I told him that this was my old flat, that I had come back to see what was left ..." So begins Szpilman's account of how, in the final weeks of the Second World War, having escaped the Warsaw Getto and survived months of hiding, he was rescued by a German: Captain Wilm Hosenfeld discovered him, ascertained that he was a pianist - to convince him, Szpilman played Chopin's Nocturne in C sharp minor on a battered, out-of-tune piano - and without much further ado found him a better hiding place."He noticed something I had not seen: that just beneath the roof there was a tiny attic ..." Together, they made sure Szpilman could climb into it, and pull up the ladder afterwards.The son of the Polish Holocaust survivor who was the subject of Roman Polanski 's Oscar-winning film "The Pianist" hailed the awards as a tribute to the victims of World War II.The academy "appreciated the fate that befell my father, the total degradation of a well-known artist under war conditions," said Andrzej Szpilman , a doctor who lives in Europe and who attended the Academy Award ceremony in Los Angeles.
The subtext asks whether good people were on the side of the evil people and shows how the human spirit is enlarged by the knowledge of such people."e lives in a neat, narrow house with a small, well-kept garden.
Then, effortlessly, he moves from the familiar to the horrific. I found out later - this isn't in the book - that he was looking for toothpaste, but no matter.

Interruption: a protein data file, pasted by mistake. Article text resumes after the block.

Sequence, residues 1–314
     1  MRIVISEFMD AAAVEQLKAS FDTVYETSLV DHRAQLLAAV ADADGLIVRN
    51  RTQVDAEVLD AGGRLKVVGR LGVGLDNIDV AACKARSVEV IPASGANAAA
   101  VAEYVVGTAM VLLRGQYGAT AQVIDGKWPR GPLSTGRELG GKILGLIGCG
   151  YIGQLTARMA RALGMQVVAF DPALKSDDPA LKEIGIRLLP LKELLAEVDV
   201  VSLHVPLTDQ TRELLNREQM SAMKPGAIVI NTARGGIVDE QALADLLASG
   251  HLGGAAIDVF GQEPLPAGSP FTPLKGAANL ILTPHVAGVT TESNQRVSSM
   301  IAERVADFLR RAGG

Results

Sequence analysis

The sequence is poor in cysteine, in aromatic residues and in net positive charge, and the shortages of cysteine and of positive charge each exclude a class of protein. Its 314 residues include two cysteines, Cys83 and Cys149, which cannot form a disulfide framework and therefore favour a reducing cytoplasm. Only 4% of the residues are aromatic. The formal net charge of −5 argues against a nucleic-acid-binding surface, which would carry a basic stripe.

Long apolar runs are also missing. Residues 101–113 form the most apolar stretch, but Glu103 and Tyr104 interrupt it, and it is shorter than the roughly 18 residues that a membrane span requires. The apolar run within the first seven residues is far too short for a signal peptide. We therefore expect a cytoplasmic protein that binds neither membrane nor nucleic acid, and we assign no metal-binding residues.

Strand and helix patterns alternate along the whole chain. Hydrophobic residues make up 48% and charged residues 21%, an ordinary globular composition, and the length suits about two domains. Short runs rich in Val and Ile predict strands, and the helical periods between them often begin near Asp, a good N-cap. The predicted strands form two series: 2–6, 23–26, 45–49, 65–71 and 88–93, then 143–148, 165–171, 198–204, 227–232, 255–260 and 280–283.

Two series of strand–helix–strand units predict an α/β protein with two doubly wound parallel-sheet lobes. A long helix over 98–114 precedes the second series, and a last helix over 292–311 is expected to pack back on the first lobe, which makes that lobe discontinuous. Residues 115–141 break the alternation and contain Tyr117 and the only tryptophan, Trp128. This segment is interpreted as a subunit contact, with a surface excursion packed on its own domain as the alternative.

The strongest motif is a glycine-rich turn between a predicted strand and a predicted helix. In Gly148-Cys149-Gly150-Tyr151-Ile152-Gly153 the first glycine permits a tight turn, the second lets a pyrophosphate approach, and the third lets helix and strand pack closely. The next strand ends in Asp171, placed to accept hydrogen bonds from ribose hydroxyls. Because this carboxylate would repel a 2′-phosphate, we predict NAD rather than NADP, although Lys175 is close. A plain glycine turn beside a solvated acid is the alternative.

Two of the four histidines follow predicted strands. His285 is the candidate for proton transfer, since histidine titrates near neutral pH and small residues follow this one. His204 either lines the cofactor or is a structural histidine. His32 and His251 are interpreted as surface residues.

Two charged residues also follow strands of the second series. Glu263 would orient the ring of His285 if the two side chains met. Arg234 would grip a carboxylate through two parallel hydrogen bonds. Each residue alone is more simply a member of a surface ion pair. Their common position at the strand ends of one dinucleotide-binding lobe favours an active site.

When he saw me, he asked me what on earth was I doing there ... I couldn't say that I was Jewish, that I was hiding, that I had been in these ruins for months.
In fact, it is merely one episode in an extraordinary story of survival, recently published in English as The Pianist.
Wladyslaw Szpilman, already a famous musician and composer when the war broke out - Poles of a certain generation still know the words to his popular songs - was rescued not only by a German but by a Jewish policeman, who pulled him out of a queue of people boarding trains for Treblinka; by his talent, which kept him alive in the starving Warsaw Ghetto; and by, in his own estimate, no less than 20 Poles who smuggled him out of the Ghetto and then hid him in their flats, knowing that they and their families could be sentenced to death for helping a Jew.